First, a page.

Leftist Effort to Ban Cops from Using Tear Gas Against Lawless Protestors Crushed by Court | Beaufort County Now | A preposterous lawsuit demanding cops be banned from using tear gas to disperse lawless protestors who block city streets and interfere with traffic has been struck down by a judge who ruled this week that the restriction “unnecessarily burdens the police and puts them and the public at risk.” | judicial watch, police, tear gas ban, protestors, lawsuit, july 2, 2020

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Leftist Effort to Ban Cops from Using Tear Gas Against Lawless Protestors Crushed by Court

Press Release:

    A preposterous lawsuit demanding cops be banned from using tear gas to disperse lawless protestors who block city streets and interfere with traffic has been struck down by a judge who ruled this week that the restriction "unnecessarily burdens the police and puts them and the public at risk." The case was filed in Virginia by a leftist civil rights group that claims the city of Richmond and its police department as well as the state police violated the Constitutional rights of law-breaking protestors by using tear gas and other crowd control tactics during a disruptive Black Lives Matter demonstration outside Richmond City Hall last week. The lawsuit, filed on behalf of the Virginia Student Power Network, asks the court to broadly ban the use of "chemical munitions, irritants, explosives, stun weapons, and physical-impact weapons."

    About 150 people participated in the protest which was supposed to include an overnight sit-in outside Richmond City Hall to address police violence and community advocacy, according to a local news report. Protestors also "set up an encampment, blocked the city streets, and interfered with traffic," court documents show. After midnight police determined that it was an unlawful assembly because "conditions of activity such as sit-ins, sit-downs, blocking traffic, blocking entrances or exits of buildings that impact public safety or infrastructure." Officers announced "multiple times" via megaphone that the blockade was an unlawful assembly and proceeded to disperse the unruly crowd by firing tear gas, flash bangs and rubber bullets. Around 12 people were arrested. Following George Floyd's death in Minneapolis, a number of violent protests have taken place in Virginia's capital city of Richmond. Mayor Levar Stoney, who apologized for police firing tear gas on Black Lives Matter protestors, has recognized that cops have been "hit with bricks, they've been hit with cinder blocks, stones and urine and other caustic material." Nevertheless, Stoney has marched with the anti-police mob to demonstrate his solidarity.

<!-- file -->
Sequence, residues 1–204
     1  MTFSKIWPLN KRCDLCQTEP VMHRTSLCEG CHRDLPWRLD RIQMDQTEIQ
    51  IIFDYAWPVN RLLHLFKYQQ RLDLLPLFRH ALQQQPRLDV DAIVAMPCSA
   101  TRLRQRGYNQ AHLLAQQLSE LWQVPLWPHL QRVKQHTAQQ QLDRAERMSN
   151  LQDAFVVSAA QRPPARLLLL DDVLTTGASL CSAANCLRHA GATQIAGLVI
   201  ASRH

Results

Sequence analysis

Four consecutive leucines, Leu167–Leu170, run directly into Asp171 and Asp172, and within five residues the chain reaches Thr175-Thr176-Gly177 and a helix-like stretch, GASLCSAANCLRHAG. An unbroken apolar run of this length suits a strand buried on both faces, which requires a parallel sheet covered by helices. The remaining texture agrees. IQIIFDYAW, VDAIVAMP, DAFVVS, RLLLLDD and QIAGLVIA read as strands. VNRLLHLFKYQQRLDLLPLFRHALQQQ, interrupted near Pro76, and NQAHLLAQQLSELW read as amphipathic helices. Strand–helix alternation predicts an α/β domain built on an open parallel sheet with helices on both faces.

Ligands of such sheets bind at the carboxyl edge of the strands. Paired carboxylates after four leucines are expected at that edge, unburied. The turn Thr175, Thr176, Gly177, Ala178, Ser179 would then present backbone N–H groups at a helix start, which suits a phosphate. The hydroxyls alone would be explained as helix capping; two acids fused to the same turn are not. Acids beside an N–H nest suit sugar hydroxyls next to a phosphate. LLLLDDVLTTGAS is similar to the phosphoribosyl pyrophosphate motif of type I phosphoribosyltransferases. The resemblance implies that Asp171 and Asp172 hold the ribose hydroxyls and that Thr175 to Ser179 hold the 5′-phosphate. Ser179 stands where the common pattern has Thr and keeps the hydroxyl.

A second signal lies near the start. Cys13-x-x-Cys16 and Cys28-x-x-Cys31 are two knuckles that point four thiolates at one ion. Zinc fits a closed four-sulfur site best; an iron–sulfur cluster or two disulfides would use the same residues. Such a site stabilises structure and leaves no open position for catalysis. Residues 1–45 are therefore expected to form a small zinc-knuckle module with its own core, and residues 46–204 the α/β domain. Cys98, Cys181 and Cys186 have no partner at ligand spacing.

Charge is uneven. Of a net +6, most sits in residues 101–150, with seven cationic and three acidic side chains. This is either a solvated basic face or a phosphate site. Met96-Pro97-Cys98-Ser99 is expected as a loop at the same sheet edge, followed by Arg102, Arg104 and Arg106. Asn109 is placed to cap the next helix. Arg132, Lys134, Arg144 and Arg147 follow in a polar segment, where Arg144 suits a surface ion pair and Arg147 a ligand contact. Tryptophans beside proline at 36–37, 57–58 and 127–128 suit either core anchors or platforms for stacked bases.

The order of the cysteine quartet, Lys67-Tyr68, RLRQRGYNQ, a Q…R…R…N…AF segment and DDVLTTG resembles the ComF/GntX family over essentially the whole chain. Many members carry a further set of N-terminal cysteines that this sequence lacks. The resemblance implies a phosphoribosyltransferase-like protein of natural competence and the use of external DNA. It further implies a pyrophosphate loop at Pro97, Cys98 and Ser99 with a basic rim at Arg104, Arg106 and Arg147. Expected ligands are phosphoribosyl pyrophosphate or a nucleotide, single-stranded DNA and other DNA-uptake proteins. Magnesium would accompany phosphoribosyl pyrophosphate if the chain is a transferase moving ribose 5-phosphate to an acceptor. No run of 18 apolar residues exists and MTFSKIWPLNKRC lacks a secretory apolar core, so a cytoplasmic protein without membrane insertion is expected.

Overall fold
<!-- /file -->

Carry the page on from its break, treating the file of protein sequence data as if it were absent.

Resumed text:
In the complaint against the city and police, protestors allege a violation of right to assemble, violation of right to freedom of speech, and violation of state code in declaring an unlawful assembly. The leftist activists asked the court to declare that police have been operating unlawfully and to issue an order prohibiting officers from engaging in activities that supposedly violate their Constitutional rights. Among them, according to the complaint, is banning the use of tear gas. "Since the tragic murder of George Floyd and the protests against police violence that have followed, state and local police operating in Richmond have shown a pattern of violence toward protesters who speak out against systemic and anti-Black racism," said Eden Heilman, legal director for the American Civil Liberties Union (ACLU) of Virginia, which filed the lawsuit. "When these young people tried to educate their community about racism in Richmond and how to dismantle it, police stormed in and turned their positive space into a war zone."

    The ACLU lawyer conveniently fails to mention the young people's illegal behavior, which the court found "provides a legal basis for a declaration of unlawful assembly" by police. In her ruling, Richmond City Circuit Judge Beverly W. Snukals also denies the request for an injunction broadly blocking the use of tear gas, writing that "plaintiffs have not established that harm is certain or of such imminence that there is a clear and present need for such equitable relief." The ruling continues: "Placing these restrictions on defendants in the form of a preliminary injunction unnecessarily burdens the police and puts them and the public at risk." The ACLU blasted the decision, accusing the court of allowing police to use tear gas and "other tools of war" against events that police declare to be unlawful assemblies without merit. "We will continue to fight in court to bring justice to people who are speaking out against systemic, anti-Black racism by continuing to pursue this lawsuit on behalf of the Virginia Student Power Network and individual protestors," the group declares in a statement posted on its website. The ACLU also writes that now is the time to "divest from police and reinvest in solution-oriented community programs."


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